by Ken Burak
Summer vacation with the family in Vermont. Rainy morning. Aha! Monopoly! I decide to teach my two girls – Hannah (7) and Dhara (5)—how to play. I figure it’s best for them to learn by playing. First they pick their pieces. Dhara: top hat. Hannah: ship. After a bit, Dhara-top hat lands on Park Place and I advise her to buy it. She asks why and I explain that if she does, and Hannah-ship lands on it, Hannah-ship will have to pay her lots of rent to stay there. Dhara insists that she wouldn’t charge her sister, that she could stay for free, that it would be fun. I object that while that may be so, it could be fun and she could get some money out of it. Dhara asks me why she wants the money. I explain that without money you can’t buy things. Dhara seems somewhere between upset and confused: “But then, if Hannah gives me money, she won’t be able to buy things, and she’s my sister and I love her and I want her to be able to buy things.”
I looked at the game in horror… as if I had told them at too young of an age about genocide or slavery or global warming or conflict diamonds or mass extinctions. Only what I told them was worse because it was about the soul.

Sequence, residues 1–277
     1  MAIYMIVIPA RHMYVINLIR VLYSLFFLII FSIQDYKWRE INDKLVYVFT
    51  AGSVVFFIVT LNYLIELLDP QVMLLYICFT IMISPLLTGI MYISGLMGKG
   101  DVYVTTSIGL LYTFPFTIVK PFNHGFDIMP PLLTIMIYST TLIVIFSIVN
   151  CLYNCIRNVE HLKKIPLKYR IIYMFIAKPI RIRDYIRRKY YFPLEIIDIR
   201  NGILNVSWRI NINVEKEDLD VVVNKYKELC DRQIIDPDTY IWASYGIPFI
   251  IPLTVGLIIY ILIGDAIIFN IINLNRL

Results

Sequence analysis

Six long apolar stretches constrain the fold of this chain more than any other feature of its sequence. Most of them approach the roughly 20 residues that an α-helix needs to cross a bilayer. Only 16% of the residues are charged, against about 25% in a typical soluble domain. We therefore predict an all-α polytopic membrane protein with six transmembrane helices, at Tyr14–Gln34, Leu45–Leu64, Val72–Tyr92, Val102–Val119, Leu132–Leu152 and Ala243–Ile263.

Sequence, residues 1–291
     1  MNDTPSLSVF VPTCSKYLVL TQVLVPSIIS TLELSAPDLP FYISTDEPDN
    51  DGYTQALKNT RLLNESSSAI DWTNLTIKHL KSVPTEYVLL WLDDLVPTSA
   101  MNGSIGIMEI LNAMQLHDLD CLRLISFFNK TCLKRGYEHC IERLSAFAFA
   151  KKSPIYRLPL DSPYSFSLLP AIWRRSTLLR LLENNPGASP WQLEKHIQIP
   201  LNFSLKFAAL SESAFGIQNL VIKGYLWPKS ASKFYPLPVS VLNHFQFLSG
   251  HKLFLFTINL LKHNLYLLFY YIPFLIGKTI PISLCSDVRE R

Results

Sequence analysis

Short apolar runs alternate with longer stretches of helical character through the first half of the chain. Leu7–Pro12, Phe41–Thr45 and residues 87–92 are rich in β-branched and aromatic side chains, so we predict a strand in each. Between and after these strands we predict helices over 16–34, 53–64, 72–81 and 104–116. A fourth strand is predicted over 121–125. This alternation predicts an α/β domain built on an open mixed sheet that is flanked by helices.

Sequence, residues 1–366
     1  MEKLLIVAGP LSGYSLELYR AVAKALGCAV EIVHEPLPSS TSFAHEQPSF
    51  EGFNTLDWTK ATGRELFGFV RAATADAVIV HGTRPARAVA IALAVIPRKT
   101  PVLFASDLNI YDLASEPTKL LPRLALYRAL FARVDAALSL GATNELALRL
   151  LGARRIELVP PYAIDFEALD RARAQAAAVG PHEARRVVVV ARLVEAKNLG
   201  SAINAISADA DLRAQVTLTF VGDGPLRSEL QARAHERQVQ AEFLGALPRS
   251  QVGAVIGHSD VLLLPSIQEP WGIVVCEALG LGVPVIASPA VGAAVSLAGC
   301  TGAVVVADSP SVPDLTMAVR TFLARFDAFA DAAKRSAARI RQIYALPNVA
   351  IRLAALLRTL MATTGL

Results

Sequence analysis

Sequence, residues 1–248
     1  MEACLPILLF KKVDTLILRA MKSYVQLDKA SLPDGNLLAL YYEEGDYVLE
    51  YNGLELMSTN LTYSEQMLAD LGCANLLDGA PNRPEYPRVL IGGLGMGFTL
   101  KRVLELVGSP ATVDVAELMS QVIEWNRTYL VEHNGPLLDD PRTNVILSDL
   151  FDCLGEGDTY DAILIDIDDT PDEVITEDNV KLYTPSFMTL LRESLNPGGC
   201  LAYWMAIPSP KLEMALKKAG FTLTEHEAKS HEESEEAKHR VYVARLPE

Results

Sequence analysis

I take a deep breath.
And I explain as best I can. “Dhara: you love your sister, and I love that about you. Your sister loves you too. But for now, while you’re playing this game, you’re not Dhara: you’re Top Hat. And she’s not Hannah: she’s Ship. And although Dhara loves Hannah, Top Hat hates Ship. And Ship hates Top Hat. It’s nothing personal (as they say).” Top Hat just knows that in this game, she can only win if Ship loses, that she only gets stuff if Ship loses stuff, that her happiness depends on Ship’s misery. And Ship knows the same thing.”
They both looked at me in horror.
I looked at the game in horror. At this world in horror. At myself, as a father, in horror, like I had told them too much, as if I had told them at too young of an age about genocide or slavery or global warming or conflict diamonds or mass extinctions. Only what I told them was worse because it was about the soul.
Dhara said she didn’t want to play anymore. Hannah: me neither. And they went outside to blow bubbles in the sun.
Oh, will you look at that, the sun’s out, the sun’s finally come out. I smiled.
Ken teaches Philosophy at Northampton Community College.
Editors’ note (May 2013): Readers who like this story may want to check out Co-opoly, from the Toolbox for Education and Social Action [TESA], described in an article from Truthout, ‘Teach Your Children Well: Don’t Play Monopoly‘ [May 23 2013]
(Published in the 2012 edition of Sustainable Lehigh Valley)